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Letters: Cyclists and dog owners in Richmond both bear responsibility for safety

A Richmond News reader agrees with dog trainer who said 'bike and dogs don't mix.'
bark-park-safety-1
Temporary barricades are being installed in Bark Park to address safety concerns.

Dear Editor,

Re: "'Bikes and dogs don't mix': Residents highlight safety concerns at Richmond dog park"

“It is the responsibility of leadership to work intelligently with what is given, and not waste time fantasizing about a world of flawless people and perfect choices.” When Marcus Aurelius quipped on leadership, he was himself a leader when the Roman Empire was in the midst of constant military conflict.

In response to the March 27 story “Bikes and dogs don’t mix,” allow me, likewise, to speak of responsibility in the ongoing saga of “Bark Park.”

Cyclists have the responsibility to follow the rules of the road when on the road and the rules of multi-use paths when on multi-use paths.

As president of Steveston Velo (Richmond’s only road cycling – and now gravel cycling – club) I can assure you we take safety very seriously.

All of our rides are led by Cycling B.C.-trained ride leaders and we conform to safe practices including signaling, visibility, communication and manageable group sizes. That said, we don’t live in “a world of flawless people and perfect choices.”

Cyclists of all stripes use roads and paths in the city.

Dog owners have the responsibility to keep their dogs leashed and under control on many of the multi-use paths across Richmond and, in the case of Bark Park and other off-leash parks in the city, simply under control.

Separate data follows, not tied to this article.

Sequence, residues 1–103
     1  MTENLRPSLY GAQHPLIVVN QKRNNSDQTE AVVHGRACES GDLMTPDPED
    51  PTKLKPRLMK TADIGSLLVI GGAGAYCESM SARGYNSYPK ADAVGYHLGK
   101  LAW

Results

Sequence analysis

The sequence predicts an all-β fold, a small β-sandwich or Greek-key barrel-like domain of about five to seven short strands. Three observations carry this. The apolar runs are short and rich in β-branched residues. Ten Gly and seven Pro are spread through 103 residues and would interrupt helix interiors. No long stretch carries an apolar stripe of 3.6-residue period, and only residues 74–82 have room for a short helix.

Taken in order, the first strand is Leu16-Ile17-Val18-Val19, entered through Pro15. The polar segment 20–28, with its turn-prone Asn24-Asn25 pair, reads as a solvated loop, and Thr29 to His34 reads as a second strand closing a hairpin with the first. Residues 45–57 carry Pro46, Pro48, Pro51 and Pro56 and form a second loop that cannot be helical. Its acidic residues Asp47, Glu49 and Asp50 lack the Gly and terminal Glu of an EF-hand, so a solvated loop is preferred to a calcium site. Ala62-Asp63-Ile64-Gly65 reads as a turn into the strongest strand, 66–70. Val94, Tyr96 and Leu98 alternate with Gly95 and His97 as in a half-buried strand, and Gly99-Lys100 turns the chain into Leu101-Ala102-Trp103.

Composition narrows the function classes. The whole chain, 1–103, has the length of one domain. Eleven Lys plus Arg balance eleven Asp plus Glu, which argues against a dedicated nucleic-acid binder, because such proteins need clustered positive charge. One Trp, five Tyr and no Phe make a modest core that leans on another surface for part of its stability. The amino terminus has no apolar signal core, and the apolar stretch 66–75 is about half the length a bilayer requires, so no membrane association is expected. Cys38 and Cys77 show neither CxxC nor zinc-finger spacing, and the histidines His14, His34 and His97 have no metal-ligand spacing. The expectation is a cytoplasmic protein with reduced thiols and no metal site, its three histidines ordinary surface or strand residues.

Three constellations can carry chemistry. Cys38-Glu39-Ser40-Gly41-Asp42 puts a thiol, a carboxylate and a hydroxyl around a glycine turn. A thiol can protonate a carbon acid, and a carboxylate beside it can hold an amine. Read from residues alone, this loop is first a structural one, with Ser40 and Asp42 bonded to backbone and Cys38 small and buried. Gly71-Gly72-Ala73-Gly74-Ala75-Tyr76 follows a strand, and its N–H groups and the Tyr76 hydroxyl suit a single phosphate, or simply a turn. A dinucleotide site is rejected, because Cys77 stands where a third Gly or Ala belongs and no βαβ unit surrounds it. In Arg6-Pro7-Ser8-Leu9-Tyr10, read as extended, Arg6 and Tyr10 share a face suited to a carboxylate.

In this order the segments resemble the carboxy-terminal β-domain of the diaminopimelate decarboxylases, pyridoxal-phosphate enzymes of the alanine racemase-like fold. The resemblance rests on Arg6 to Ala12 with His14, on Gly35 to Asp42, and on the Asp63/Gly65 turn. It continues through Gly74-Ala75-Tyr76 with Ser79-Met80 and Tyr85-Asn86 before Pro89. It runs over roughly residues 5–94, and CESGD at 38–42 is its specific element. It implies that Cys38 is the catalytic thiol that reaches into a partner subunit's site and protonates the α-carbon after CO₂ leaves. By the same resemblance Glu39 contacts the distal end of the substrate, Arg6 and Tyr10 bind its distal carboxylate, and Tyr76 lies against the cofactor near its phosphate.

Most dog owners (I am a dog owner myself) are responsible for their pets and follow the leash and control guidelines where they exist.

That said, we don’t live in “a world of flawless people and perfect choices.”

There are dogs commonly off leash on the West Dyke Trail and I have witnessed many occasions at Bark Park where cyclists have been charged by dogs whose owners have no control over them.

Our elected officials have, among other responsibilities, the responsibility to listen to the community and provide infrastructure that is sound and safe.

Of the three primary actors in this saga it seems as though our elected officials are the ones we would expect to be closer to “flawless people” making “perfect choices.”

While they aren’t flawless and this wouldn’t be the perfect solution, it is increasingly apparent that Karen Yamada – the professional dog walker quoted in the article – had it right when she said “Bikes and dogs do not mix,” and placed the blame at the feet of the city.

Cyclists aren’t going anywhere. Dogs need a place to romp and roam.

The city must take its responsibility seriously and separate this section. Remember, “It is the responsibility of leadership to work intelligently with what is given.”

While I have no doubt council members are intelligent, I would ask that they exercise awareness and pragmatism and, above all, a concern for community safety when deciding the future of Bark Park.

Martin Hauck

President, Steveston Velo Society

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